The Rise of Car Theft in Electric Vehicles: Are They More Vulnerable?

An EV owner has raised concerns about the security of electronic key fobs and car key apps, highlighting the potential risks of car theft in electric vehicles. The motorist, known as TB, expressed fear that the increasing use of key-fob signal interception could be used to steal their £43,000 car.

Thieves have been known to employ devices called relay interceptors, which can copy the signal transmitted from an electronic key fob and play it back. This tricks the car’s computer system into believing that the signal is legitimate, enabling the thief to unlock the doors and even start the engine if the vehicle has keyless ignition.

To counteract this vulnerability, car manufacturers are shifting towards using smartphone apps as a substitute for electronic fobs. However, this introduces new avenues for theft, as hackers with access to a smartphone can gain significant power. If a phone is hacked or stolen, the perpetrator could potentially access the app, passwords, and even the car’s Vehicle Identification Number, leading to the same security risks as relay attacks.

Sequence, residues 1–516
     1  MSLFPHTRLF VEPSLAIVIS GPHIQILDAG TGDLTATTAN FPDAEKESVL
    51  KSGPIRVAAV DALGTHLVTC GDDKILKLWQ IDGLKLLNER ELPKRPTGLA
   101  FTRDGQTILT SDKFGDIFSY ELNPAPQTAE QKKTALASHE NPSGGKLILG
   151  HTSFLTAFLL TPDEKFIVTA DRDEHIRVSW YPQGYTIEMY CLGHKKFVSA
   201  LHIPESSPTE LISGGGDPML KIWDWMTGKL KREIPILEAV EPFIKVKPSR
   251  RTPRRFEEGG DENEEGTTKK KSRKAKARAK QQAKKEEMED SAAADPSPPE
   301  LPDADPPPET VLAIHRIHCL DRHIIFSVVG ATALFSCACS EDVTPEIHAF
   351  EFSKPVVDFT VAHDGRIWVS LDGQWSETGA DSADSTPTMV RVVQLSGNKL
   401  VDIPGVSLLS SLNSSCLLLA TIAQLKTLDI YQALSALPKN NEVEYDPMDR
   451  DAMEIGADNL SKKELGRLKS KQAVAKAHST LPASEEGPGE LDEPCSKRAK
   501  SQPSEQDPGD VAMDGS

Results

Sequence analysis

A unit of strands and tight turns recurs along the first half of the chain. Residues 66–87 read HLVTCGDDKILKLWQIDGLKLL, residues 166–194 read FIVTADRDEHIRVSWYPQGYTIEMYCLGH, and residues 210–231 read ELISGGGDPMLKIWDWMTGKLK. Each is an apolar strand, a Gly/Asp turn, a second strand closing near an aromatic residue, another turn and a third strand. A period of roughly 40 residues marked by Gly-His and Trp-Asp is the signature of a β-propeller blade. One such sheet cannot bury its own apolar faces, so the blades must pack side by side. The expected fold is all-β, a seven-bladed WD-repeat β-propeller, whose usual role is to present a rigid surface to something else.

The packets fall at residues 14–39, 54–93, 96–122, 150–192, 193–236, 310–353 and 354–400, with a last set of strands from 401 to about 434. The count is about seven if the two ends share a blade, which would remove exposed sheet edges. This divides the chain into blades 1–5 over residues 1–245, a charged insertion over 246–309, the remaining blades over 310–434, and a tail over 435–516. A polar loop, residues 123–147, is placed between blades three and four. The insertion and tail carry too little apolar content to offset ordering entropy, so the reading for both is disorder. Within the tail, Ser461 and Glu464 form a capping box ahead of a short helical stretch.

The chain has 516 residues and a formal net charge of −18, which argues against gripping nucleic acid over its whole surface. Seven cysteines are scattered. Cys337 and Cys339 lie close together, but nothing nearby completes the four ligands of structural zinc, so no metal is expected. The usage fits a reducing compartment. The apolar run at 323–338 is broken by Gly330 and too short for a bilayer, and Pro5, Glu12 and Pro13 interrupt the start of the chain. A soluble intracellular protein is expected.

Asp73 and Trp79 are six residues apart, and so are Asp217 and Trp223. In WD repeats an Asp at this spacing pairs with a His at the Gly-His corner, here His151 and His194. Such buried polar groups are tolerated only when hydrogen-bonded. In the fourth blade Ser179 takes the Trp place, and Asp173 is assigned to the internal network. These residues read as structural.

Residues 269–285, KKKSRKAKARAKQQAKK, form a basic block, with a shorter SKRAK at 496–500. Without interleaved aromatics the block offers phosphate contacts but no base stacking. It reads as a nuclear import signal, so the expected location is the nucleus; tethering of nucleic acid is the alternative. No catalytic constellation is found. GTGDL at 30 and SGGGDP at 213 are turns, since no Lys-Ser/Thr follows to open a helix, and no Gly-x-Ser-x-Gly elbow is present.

For individuals who have heightened concerns about car theft, some brands offer the option to purchase an old-fashioned physical key fob for an additional fee. Additionally, the government reportedly plans to crack down on relay theft, including prosecuting individuals found in possession of relay devices without a legitimate reason.

It is essential for EV owners to remain cautious and prioritize security measures to protect their vehicles. As the industry continues to evolve, manufacturers and authorities must work together to address these vulnerabilities and ensure the safety and security of electric vehicles.

– The Telegraph